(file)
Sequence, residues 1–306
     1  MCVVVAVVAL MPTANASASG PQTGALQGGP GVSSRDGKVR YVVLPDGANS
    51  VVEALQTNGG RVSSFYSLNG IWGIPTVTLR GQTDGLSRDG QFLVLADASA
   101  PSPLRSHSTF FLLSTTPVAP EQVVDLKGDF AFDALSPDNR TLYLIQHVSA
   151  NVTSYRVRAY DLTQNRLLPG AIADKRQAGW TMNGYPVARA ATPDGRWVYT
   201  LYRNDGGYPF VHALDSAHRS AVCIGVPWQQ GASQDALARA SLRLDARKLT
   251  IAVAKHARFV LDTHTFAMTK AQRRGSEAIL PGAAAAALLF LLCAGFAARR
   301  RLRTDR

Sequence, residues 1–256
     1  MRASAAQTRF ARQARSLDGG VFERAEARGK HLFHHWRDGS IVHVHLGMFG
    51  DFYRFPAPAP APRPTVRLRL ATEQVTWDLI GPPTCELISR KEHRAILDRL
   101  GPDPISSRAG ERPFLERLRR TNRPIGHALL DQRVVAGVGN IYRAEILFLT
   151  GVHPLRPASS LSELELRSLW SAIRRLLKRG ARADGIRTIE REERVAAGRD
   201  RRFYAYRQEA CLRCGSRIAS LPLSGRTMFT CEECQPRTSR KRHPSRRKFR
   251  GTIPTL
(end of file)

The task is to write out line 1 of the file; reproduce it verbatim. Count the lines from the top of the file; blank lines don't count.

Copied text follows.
Sequence, residues 1–306